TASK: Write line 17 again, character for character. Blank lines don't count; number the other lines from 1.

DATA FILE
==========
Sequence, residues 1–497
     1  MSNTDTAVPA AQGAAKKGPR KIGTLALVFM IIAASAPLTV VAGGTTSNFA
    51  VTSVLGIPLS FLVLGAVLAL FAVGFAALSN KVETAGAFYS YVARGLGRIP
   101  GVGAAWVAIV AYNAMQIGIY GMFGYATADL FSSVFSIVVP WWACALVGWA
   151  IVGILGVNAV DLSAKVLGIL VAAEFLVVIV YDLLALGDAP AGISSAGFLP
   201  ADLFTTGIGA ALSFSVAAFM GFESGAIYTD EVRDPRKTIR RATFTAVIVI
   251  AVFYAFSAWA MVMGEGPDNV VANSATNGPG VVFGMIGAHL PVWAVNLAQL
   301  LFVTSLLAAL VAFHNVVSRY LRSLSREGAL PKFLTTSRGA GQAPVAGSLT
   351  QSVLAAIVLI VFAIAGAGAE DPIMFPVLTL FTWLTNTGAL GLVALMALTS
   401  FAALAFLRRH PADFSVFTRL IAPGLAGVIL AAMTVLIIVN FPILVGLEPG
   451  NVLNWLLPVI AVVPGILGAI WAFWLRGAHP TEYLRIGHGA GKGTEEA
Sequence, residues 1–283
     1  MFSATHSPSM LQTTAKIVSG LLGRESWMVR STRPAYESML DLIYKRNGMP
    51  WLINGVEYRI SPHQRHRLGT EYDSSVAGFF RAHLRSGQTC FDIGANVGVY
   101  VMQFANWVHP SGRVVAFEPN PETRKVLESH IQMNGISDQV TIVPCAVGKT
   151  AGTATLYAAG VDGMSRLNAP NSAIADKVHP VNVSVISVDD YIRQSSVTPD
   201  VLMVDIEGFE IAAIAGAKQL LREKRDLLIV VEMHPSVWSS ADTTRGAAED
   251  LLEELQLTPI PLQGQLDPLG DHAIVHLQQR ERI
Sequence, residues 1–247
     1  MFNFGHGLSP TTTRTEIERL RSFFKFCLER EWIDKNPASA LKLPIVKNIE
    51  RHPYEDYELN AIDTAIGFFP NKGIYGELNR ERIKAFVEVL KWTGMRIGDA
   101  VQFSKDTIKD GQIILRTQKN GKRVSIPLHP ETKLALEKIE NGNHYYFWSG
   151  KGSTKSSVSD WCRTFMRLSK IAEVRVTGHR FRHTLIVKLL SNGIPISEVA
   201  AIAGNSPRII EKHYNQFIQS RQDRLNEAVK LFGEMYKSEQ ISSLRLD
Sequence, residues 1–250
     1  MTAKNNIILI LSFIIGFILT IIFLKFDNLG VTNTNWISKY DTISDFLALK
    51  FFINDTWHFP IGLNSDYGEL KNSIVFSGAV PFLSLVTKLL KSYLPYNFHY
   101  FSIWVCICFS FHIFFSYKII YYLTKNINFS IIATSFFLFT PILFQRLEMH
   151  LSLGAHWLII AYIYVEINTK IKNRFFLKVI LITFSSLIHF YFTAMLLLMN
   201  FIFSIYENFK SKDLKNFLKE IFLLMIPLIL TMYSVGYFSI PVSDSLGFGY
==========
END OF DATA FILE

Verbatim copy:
   201  VLMVDIEGFE IAAIAGAKQL LREKRDLLIV VEMHPSVWSS ADTTRGAAED